This project is the first Region-wide conservation assessment for the order Odonata (dragonflies and damselflies). We are working with partners across the Northeast to compile existing distributional data into a common database, coordinating with the ongoing effort to develop a comprehensive northeastern invertebrate database. These data will be used to assess the regional vulnerability of rare odonates occurring in the northeast and to inform “regional responsibility” for them. It will also prioritize species based on the extent to which regional conservation actions will benefit a species versus actions elsewhere. As a final product we will combine responsibility and vulnerability into a single prioritization matrix and habitat crosswalk and provide a list of high-priority aquatic habitats in the northeast hosting disproportionate numbers of at-risk Odonata.
We conducted a conservation assessment of 227 species of Odonata (dragonflies and damselflies) in the Northeast region of the US in 2012-2014. The study area for this assessment was comprised of states and districts belonging to the Northeastern Association of Fish and Wildlife Agencies (NEAFWA) including CT, DE, DC, MA, ME, MD, NH, NJ, NY, PA, RI, VA, VT, and WV. We received odonate data from 22 project collaborators and compiled these records into a database of over 248,000 records. Please see Table 1. Odonata Data Sources (DOCX, 14.6) for a list of data sources used in our analysis. These records include information on species name, county, state, and country location, year, voucher, and source information.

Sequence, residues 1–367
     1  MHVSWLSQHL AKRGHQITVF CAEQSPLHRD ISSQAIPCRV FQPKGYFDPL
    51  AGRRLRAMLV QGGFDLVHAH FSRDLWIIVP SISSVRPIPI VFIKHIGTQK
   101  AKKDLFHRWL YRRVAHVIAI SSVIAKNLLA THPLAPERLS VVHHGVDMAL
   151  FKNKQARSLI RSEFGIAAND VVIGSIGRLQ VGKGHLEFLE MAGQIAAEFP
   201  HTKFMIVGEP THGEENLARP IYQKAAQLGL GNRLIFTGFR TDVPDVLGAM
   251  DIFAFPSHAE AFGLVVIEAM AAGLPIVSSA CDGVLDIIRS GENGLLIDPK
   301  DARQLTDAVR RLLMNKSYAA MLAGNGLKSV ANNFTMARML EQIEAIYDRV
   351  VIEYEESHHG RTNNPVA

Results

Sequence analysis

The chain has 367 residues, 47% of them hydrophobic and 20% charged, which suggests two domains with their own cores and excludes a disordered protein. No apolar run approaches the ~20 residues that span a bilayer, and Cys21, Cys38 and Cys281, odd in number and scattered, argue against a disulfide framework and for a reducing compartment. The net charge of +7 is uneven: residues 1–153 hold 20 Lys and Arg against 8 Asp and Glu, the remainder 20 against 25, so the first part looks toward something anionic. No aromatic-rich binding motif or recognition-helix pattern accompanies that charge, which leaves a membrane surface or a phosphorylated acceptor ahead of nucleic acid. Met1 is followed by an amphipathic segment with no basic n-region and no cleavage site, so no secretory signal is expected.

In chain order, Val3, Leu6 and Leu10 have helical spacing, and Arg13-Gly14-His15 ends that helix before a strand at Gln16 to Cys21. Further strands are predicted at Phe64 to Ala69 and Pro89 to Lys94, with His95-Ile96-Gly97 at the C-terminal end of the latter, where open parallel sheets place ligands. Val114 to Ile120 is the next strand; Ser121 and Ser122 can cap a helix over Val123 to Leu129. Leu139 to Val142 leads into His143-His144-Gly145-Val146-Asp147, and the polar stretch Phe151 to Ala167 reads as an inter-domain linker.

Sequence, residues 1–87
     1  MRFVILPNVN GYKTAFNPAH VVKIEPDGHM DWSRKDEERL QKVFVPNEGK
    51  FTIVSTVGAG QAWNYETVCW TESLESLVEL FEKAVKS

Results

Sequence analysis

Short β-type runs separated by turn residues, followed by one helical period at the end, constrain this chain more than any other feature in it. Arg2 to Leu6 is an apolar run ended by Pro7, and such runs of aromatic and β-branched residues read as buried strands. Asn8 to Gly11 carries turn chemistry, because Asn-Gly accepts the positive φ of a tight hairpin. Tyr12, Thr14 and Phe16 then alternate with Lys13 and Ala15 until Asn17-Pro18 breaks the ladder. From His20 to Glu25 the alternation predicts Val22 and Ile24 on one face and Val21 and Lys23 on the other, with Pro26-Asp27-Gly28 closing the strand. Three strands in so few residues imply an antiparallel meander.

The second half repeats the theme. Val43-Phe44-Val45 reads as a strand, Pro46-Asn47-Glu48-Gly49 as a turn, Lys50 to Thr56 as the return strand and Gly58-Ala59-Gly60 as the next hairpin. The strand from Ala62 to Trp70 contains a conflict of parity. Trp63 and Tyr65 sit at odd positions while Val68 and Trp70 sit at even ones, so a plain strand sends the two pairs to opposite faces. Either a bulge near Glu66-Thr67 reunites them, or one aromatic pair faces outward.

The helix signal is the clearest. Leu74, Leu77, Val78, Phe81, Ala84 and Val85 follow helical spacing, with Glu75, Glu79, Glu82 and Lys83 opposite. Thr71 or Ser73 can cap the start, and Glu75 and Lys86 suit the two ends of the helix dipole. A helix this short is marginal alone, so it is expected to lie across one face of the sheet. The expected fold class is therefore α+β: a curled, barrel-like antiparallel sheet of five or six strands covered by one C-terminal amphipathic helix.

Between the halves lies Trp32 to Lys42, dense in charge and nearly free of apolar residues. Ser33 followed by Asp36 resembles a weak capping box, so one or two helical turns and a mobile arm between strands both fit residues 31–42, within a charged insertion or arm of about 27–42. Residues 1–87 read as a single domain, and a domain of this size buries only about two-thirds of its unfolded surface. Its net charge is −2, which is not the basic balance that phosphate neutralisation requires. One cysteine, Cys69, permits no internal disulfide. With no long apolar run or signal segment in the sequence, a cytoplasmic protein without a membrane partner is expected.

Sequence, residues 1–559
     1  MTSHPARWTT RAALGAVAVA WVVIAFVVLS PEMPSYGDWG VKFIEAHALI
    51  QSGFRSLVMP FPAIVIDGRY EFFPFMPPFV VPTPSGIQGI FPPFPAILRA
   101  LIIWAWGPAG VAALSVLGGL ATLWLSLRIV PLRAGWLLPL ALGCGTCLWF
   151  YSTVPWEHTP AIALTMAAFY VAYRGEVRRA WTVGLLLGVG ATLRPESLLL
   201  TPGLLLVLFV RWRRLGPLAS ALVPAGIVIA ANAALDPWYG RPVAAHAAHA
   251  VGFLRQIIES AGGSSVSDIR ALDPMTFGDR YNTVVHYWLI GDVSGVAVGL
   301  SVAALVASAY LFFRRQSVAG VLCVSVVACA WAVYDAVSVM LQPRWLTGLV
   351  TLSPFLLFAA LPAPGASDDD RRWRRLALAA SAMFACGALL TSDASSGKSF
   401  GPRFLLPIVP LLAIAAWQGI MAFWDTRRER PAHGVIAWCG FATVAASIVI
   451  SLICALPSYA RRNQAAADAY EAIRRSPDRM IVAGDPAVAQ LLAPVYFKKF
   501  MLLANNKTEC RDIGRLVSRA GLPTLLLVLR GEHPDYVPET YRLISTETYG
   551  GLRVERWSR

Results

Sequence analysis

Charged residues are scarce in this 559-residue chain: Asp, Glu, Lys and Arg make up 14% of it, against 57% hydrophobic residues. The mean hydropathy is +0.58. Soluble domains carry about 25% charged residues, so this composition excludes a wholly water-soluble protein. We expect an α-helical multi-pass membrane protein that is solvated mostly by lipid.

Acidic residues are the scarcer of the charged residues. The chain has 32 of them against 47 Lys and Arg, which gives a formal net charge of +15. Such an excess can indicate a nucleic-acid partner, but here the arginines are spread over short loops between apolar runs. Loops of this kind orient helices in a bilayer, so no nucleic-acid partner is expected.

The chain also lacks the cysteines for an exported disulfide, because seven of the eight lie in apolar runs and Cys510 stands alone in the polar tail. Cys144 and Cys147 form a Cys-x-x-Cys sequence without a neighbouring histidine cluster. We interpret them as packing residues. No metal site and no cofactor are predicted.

The project steering committee (Erin White, Jeff Corser, and Matt Schlesinger of NYNHP, Pam Hunt of Audubon Society of NH, and Phillip deMaynadier of ME Dept. of Inland Fisheries and Wildlife) completed a vulnerability and responsibility assessment by the spring of 2014. We worked with Odonata experts and state agency representatives in the region to review our work and provide feedback on our products. We modeled our vulnerability assessment after the approach developed by NatureServe and the network of Natural Heritage programs (Master et al. 2012) for calculating global, national, and subnational (state and province) conservation status ranks. Our regional assessment used three rarity factors (range extent, area of occupancy, and habitat specificity), a threat factor (vulnerability of occupied habitats), and a trend factor (relative change in range) in combination to yield a single regional vulnerability rank (R-rank). NatureServe created distributional range maps for the entire US and Canadian range of all Northeastern Odonata. These maps will be available in the spring of 2014 by species on the NatureServe Explorer website. We calculated regional responsibility as the proportion of the US & Canadian range occurring in the Northeast US. We combined our results of the vulnerability and responsibility analyses into a single prioritization matrix that places species in vulnerability and responsibility categories, and this product is available in our final report (PDF, 1.3 MB) .
Dec. 11, 2020 | Updated Feb. 13, 2021, 8:51 p.m.